King’s Lynn & West Norfolk council has reported that air quality in the borough has remained ‘generally good’ in its official 2017 monitoring report submitted to Defra last month.
The report, which was compiled by the consultancy firm Bureau Veritas, has suggested that overall NO2 emissions have declined across the borough, although some individual diffusion tubes showed a slight increase.
Only one diffusion tube at Railway Road exceeded the NO2 annual mean objective of 40 µgm, the council reported. Initially the council’s Gaywood Automatic Monitoring station had also been recorded as coming in over the 40 µgm limit, however after the distance of the readings was corrected, NO2 concentrations came in below the legal limit.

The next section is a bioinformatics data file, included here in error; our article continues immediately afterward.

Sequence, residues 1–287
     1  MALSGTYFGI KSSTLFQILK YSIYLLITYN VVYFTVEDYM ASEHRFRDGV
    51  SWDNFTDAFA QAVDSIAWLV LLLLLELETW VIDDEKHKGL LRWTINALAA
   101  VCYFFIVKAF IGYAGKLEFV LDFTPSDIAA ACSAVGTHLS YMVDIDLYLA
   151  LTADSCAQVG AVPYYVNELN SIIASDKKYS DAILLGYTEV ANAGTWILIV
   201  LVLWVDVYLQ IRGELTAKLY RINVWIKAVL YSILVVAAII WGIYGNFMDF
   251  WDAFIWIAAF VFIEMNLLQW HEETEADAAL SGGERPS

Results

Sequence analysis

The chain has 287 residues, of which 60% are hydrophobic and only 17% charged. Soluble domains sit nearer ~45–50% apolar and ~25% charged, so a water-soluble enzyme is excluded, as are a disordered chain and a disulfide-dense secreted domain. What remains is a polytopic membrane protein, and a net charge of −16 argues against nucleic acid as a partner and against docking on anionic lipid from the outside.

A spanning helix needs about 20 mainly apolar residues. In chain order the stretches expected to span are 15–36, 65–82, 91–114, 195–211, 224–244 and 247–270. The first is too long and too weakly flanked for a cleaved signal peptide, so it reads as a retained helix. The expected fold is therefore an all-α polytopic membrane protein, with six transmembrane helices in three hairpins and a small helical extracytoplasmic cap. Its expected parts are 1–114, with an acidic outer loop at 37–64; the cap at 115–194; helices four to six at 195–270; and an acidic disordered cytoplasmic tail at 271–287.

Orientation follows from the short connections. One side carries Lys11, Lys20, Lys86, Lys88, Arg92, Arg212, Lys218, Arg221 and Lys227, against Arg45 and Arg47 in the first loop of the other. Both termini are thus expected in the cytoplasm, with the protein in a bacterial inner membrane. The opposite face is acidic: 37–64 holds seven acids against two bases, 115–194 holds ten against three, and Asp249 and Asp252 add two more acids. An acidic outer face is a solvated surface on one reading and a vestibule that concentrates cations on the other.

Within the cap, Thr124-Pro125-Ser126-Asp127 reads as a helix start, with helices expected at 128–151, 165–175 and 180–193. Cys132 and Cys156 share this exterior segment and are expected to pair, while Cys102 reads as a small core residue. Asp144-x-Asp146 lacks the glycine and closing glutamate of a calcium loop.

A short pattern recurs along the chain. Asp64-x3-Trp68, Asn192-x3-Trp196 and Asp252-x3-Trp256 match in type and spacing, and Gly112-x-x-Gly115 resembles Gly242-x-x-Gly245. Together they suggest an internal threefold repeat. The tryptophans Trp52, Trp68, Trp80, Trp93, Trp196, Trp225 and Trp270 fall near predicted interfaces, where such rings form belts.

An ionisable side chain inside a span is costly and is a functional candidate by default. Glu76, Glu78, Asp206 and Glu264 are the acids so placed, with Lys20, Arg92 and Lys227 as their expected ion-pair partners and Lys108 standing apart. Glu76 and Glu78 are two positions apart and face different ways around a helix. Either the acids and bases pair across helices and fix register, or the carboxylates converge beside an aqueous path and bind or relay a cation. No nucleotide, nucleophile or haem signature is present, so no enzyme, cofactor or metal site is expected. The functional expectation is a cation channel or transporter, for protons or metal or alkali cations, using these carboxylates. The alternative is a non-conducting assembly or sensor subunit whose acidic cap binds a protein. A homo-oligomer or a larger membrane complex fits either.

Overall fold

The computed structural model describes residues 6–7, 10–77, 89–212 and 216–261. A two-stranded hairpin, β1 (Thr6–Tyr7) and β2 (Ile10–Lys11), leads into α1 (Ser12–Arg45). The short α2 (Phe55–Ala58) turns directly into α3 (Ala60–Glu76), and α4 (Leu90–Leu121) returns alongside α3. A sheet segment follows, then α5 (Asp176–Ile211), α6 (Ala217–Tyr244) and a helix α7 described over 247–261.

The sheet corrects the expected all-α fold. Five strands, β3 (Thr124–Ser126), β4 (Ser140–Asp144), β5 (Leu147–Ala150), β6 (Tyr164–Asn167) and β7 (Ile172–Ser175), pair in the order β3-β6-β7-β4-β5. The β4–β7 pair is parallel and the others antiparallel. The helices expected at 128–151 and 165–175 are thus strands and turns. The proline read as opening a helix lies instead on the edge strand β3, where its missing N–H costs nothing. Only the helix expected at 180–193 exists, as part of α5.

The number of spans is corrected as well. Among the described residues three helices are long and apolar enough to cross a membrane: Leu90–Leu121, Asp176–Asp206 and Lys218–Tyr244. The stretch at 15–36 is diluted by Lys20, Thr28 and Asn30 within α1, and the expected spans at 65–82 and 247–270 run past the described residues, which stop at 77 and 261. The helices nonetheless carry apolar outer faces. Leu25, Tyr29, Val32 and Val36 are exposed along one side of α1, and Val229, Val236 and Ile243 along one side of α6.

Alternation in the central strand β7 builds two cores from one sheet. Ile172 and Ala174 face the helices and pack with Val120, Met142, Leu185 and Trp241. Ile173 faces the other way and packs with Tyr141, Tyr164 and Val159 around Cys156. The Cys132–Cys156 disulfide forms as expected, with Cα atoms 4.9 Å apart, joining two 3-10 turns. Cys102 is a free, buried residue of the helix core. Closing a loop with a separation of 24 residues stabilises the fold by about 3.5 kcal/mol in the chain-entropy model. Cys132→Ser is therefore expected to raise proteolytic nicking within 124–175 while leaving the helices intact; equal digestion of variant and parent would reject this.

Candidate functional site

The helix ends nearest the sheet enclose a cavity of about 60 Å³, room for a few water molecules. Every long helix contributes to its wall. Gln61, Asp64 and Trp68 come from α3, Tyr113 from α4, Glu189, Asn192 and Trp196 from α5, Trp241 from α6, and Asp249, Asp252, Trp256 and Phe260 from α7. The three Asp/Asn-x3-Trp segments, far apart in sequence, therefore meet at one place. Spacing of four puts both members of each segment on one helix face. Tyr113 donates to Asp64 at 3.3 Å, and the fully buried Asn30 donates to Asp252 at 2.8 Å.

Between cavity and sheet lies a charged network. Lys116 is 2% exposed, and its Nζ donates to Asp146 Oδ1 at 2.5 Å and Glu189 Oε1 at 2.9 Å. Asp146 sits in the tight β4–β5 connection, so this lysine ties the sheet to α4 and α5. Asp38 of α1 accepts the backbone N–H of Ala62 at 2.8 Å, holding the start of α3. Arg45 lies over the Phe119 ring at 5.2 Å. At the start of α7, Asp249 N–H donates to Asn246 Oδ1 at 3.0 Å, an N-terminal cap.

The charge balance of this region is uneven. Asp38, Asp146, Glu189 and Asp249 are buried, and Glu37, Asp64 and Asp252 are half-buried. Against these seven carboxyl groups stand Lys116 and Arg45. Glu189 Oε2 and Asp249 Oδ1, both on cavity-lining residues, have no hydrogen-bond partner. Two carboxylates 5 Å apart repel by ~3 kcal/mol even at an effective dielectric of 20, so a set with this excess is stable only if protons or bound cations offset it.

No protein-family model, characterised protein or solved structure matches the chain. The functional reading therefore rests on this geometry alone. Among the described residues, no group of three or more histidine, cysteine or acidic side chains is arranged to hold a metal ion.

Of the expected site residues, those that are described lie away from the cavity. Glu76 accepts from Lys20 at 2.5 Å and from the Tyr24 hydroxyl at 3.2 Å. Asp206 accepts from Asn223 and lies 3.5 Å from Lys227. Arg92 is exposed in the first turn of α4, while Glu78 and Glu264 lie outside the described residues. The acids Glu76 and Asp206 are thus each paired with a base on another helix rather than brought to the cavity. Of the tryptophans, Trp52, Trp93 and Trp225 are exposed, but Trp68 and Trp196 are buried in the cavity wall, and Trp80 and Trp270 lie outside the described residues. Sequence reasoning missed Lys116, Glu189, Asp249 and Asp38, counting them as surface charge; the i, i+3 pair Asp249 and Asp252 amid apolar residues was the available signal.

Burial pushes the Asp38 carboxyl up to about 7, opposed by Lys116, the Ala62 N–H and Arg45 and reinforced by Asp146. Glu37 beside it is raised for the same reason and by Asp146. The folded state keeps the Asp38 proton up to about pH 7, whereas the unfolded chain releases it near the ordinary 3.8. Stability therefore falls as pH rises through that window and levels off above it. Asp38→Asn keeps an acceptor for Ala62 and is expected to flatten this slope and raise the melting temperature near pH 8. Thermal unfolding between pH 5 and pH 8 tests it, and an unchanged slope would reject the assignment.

According to the report, the main source of NO2 in the borough is from road traffic emissions, in particular at Gaywood Clock junction and in King’s Lynn town centre. Other pollution sources, including commercial, industrial and domestic sources also contribute to background NO2 concentrations.
Two Air Quality Management Areas (AQMAs) have been declared in King’s Lynn – although the report states that these are now under review as a result of improvements in the borough’s air quality.
For particulate (PM10) emissions, the main sources of concentrations have been identified as industrial processes.
Monitoring is carried out in the North Lynn area of King’s Lynn and the village of Stoke Ferry. Concentrations in these areas have remained below the annual mean and 24-hour mean air quality objectives for PM10 since 2013, the council has said.